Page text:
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The Myth of RightsThe Purposes and Limits of Constitutional Rights$
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Ashutosh Bhagwat

Print publication date: 2010

Print ISBN-13: 9780195377781

Published to Oxford Scholarship Online: May 2010

DOI: 10.1093/acprof:oso/9780195377781.001.0001

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Free Speech and Self-governance

Free Speech and Self-governance

Chapter:
(p.79) 5 Free Speech and Self-governance
Source:
The Myth of Rights
Author(s):

ASHUTOSH BHAGWAT

Publisher:
Oxford University Press
DOI:10.1093/acprof:oso/9780195377781.003.005

This chapter examines the role of the Free Speech Clause in the constitutional structure. The Free Speech Clause of the First Amendment states that “Congress shall make no law...abridging the freedom of speech, or of the press, or the right of the people peaceably to assemble, and to petition the Government for a redress of grievances.” As we have already seen, the Bill of Rights and the Fourteenth Amendment — like the rest of the Constitution — are not generally intended to protect individual liberty, but rather to organize and place limits upon government. Yet the First Amendment on its face — by singling out freedom of speech, press, and assembly for special protection — does appear to be concerned with rights of the individual.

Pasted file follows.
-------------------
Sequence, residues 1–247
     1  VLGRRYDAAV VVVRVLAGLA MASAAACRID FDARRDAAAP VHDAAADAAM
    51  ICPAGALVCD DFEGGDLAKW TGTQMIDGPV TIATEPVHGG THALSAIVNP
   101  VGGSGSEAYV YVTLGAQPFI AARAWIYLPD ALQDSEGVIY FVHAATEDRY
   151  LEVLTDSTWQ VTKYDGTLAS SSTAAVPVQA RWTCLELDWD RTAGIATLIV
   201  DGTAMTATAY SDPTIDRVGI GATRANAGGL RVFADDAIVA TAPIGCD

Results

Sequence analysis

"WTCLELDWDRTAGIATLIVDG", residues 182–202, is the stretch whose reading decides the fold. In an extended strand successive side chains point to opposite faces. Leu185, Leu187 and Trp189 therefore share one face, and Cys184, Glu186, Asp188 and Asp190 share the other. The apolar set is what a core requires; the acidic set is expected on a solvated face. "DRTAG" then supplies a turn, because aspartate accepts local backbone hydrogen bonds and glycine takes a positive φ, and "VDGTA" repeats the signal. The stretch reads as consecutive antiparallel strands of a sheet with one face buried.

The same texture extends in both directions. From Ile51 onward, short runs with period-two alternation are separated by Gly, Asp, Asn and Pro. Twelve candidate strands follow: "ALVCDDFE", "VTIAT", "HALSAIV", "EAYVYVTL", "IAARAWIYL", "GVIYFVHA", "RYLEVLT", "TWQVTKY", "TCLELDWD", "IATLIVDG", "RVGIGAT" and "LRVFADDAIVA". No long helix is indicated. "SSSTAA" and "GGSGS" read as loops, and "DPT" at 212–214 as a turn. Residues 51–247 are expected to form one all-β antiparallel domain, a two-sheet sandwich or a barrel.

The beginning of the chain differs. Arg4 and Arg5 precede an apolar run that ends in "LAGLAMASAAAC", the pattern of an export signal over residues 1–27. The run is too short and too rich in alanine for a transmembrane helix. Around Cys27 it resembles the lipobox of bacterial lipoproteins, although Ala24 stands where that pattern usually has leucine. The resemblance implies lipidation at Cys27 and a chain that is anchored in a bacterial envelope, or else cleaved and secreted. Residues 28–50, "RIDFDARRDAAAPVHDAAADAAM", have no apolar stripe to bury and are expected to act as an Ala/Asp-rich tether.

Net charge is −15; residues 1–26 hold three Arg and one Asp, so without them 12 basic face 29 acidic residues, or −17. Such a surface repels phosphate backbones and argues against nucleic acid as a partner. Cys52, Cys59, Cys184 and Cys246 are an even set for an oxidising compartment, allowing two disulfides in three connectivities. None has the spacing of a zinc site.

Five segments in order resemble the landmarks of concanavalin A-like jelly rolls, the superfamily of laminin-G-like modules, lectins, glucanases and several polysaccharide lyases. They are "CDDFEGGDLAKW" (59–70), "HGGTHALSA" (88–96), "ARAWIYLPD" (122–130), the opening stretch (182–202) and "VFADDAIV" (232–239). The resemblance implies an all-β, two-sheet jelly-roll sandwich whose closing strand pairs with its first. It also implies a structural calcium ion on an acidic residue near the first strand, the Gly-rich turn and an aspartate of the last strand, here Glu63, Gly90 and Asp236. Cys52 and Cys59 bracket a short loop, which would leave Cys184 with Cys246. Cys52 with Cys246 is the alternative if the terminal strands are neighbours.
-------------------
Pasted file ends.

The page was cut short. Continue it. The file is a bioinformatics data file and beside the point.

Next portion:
Keywords:   U.S. Constitution, constitutional rights, free speech, individual rights, First Amendment

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